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The San Juan Star

Section 956 Reform: Fact Or Fiction

By Ralph J. Sierra, Jr.

August 2, 2001
Copyright © 2001
The San Juan Star. All Rights Reserved.

Writing fiction - the weird practice of telling artful lies - can be quite bizarre when it affects the economic life of the almost 4 million U.S citizens residing in the Commonwealth of Puerto Rico. As Homer warned us many centuries ago, „Beware of "936 companies" bearing gifts.

The daily local press is replete with news covering the strong lobbying efforts being undertaken by the Governor of Puerto Rico, Hon. Sila Calderón, together with her colleagues, Resident Commissioner Aníbal Acevedo Vilá and Secretary of Industrial and Commercial Development Ramón Cantero Frau, and, more recently, local legislators, before the U.S. Congress to allow a Puerto Rico-based controlled foreign corporation (CFC) to invest its profits in the United States with a 90 percent exemption under Internal Revenue Code section 956 and facilitate the conversion of those companies operating in Puerto Rico under IRC sections 936 and 30A into CFCs. In so doing, they have induced many in the industrial, commercial and investment banking spheres in Puerto Rico to argue in their favor that approval of the pro—posed legislation will place Puerto Rico in a unique situation far outdistancing Singapore, Malaysia and Ireland, among others - for a CFC to establish itself.

Just this past July 18, H.R. 2550 was presented under circum—stances that oddly enough could presage the future of this bill. The bill to amend IRC section 956 (which upon first glance looks like a gold mine for the companies, and therefore of potential major benefit to Puerto Rico) was initially penciled in with what appeared to be No. 2520

This bill was later assigned No. 2550. H.R. 2550, The Economic Revitalization Act of 2001, is „To amend the Internal Revenue Cede of 1966 to provide an appropriate—ate and permanent tax structure for investments in the Commonwealth of Puerto Rico and the possessions of the United States, and for other purposes. On the other hand, H.R. 2520, The Abusive Tax Shelter Shutdown Act of 2001, is „To amend the Internal Revenue Code of 1986 to curb tax abuses by disallowing tax benefits claimed to arise from transactions without substantial economic substance, and for other purposes.

H.R. 2550 is an insult to the intelligence, honesty and integrity of the people of Puerto Rico, and makes it look like the representatives of the government of Puerto Rico were asleep at the wheel when the bill was being draft—ed. H.R. 2550 confers a 90 percent exemption from the dividend imputation consequence of IRC section 956 when the CFC makes stateside investments proscribed by that section. If the investment is made through loans or equity participation in an affiliate, H.R. 2550 would allow the investment to be made free of interest or the need to pay dividends.

When the CFC pays an actual dividend to its parent company, the full amount of the proscribed investment will qualify as previously taxed income, so that the net result is for full federal income tax to fall on only 10 percent of the amount invested stateside (that would be en effective tax cost of 3.5 percent under today's rates). In the alternative, the dividend from a CFC subsidiary would qualify for an 85 percent dividends received deduction.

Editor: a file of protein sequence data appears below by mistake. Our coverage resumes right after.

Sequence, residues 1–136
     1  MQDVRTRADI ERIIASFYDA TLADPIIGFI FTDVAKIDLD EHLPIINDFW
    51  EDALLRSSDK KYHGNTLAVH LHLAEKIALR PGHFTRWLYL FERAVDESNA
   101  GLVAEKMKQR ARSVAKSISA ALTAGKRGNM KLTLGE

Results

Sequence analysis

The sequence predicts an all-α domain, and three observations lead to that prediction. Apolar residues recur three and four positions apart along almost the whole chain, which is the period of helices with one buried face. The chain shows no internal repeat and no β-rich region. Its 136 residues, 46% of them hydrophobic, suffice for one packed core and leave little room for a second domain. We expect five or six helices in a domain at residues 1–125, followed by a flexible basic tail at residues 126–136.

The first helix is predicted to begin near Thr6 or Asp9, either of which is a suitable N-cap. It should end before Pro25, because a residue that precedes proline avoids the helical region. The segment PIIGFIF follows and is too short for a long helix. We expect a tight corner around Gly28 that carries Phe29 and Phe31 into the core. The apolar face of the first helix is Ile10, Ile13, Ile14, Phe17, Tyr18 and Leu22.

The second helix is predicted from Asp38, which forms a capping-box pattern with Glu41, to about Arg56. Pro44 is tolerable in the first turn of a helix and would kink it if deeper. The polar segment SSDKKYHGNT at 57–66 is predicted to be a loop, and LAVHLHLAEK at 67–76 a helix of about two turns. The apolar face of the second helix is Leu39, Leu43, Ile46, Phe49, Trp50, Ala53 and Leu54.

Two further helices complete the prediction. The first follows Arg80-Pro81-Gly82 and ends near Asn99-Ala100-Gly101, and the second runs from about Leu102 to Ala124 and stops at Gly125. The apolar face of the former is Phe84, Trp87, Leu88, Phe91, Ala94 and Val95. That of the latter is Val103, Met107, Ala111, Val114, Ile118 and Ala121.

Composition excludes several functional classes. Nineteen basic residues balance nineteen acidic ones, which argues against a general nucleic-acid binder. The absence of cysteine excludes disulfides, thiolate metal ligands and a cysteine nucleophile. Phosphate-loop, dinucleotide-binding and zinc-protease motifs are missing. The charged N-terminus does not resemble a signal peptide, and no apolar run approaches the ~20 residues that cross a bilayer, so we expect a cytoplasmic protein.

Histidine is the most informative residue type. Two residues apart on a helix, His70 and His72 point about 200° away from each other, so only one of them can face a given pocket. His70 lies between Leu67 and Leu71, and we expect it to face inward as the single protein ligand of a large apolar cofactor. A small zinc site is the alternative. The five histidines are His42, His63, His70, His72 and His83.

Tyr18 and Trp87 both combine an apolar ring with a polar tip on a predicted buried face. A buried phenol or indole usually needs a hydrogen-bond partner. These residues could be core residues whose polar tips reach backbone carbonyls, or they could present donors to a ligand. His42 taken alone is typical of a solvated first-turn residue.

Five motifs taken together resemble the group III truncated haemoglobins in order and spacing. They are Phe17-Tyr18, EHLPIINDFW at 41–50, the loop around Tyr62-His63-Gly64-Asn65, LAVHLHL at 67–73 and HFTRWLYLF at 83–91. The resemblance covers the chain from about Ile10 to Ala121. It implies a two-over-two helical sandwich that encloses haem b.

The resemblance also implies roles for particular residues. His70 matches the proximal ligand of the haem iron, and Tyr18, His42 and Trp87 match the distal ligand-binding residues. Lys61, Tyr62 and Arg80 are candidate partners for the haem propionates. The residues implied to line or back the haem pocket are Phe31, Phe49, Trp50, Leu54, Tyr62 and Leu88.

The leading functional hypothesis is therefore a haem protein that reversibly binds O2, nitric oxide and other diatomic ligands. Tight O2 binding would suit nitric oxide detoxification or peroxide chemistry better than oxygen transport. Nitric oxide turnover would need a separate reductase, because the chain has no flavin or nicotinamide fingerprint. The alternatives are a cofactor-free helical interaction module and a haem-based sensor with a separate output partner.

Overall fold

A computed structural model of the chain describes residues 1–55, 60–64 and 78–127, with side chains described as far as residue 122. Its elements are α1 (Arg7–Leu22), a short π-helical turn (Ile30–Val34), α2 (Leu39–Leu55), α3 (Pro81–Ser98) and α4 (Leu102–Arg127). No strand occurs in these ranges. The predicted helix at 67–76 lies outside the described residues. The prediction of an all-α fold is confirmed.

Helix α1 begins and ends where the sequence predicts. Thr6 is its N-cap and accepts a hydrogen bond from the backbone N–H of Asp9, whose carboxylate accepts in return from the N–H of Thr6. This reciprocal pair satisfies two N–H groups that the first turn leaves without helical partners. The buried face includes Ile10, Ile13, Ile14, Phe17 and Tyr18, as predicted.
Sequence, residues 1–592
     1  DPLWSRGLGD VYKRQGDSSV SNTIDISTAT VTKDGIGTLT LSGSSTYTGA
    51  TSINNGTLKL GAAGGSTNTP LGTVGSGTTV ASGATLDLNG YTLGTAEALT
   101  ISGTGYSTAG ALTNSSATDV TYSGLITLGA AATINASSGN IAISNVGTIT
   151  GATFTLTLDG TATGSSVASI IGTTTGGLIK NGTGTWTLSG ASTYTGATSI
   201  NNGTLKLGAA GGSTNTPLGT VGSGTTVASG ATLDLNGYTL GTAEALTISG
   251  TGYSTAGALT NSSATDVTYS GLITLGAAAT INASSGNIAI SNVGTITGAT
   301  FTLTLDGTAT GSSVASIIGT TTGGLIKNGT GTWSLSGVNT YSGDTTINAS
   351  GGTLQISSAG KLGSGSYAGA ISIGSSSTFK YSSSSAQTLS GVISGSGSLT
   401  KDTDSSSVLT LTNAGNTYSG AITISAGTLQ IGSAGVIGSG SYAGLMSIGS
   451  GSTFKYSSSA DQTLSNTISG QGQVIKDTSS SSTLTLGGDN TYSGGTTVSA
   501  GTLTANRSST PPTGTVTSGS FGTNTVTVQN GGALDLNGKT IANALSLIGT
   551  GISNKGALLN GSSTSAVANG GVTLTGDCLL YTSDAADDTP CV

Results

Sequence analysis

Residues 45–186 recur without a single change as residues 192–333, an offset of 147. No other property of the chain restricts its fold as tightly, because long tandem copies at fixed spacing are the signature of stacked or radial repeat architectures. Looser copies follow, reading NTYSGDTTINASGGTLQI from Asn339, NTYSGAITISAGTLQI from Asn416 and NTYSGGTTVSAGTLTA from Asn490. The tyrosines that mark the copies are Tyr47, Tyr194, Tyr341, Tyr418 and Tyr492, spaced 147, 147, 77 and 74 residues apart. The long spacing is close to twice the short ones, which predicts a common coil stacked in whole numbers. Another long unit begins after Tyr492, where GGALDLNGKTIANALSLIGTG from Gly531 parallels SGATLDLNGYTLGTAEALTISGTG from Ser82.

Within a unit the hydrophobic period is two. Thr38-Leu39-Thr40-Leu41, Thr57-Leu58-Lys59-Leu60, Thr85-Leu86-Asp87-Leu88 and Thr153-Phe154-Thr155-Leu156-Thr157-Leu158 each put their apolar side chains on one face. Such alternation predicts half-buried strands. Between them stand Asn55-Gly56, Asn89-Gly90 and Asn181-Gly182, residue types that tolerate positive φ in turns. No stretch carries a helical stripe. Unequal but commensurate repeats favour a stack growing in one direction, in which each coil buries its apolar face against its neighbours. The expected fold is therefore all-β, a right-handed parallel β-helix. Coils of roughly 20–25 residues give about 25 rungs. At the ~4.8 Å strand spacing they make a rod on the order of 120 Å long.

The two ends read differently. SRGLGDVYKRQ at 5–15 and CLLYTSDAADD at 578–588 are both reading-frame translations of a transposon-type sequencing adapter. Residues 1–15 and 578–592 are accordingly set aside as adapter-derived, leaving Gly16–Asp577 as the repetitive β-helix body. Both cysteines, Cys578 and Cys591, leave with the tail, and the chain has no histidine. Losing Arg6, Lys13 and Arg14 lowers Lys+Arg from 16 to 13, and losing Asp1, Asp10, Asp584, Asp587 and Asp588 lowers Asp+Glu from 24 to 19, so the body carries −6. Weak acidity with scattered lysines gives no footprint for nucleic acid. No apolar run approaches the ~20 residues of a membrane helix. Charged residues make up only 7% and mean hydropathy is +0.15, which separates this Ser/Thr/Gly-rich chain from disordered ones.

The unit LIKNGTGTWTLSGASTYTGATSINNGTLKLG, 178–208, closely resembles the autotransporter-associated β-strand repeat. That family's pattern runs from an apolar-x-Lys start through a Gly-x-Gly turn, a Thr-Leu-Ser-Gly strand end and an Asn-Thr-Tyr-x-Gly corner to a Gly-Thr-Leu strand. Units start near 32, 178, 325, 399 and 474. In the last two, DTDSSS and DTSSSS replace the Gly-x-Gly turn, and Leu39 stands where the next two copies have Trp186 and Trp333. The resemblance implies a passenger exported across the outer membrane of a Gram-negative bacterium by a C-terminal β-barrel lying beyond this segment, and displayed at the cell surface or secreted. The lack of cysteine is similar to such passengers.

Now that's a windfall that would really give Puerto Rice the Midas touch. And the program is being marketed to the Puerto Rico public on that basis (that is, the amendment, without going into details, will reap many benefits for the is1and) and the leaders of the community alluded to above are acting in a politically correct manner by backing the program to the maximum.

Unfortunately, they should read the other side of the coin as well. It is true that a CFC organized under the laws of the Commonwealth of Puerto Rico (or the other possessions of the United States) would allow its parent company to reap the benefits of the proposed amendment This being the case, how could anyone in Puerto Rico oppose the amendment (irrespective of the probabilities of approval)? But here is where the art of fiction comes alive, and the 956 Trojan Horse makes its presence. Not only would a CFC organized under the laws of the Commonwealth of Puerto Rico (or the other possessions of the United States) qua1ify for these benefits, but so would any CFC that is „engaged in the active conduct of a trade or business within the Commonwealth of Puerto Rico or a possession of the United States."

Thus rather than competing with Singapore, Malaysia and Ireland, and the others, Puerto Rico would more likely serve as a funnel or a laundry) for the earnings generated by these to-date more attractive places to have CFC operations. The mere opening of a branch in Puerto Rico (manned by one, two or three persons) by these other CFCs would be most deceptive for Puerto Rico's ambitions to find a reliable substitute to IRC sections 30A and 936 for furthering its own socioeconomic development

The art of drafting legislation can very well be like any other art - and to quote from a Russell Banks character, a small-time gangster named Jocko: „Yeah, well, artists are a lot like gangsters. They both know that the official version, the one everyone else believes, is a Lie."

The author is an attorney with Sierra Serapion.

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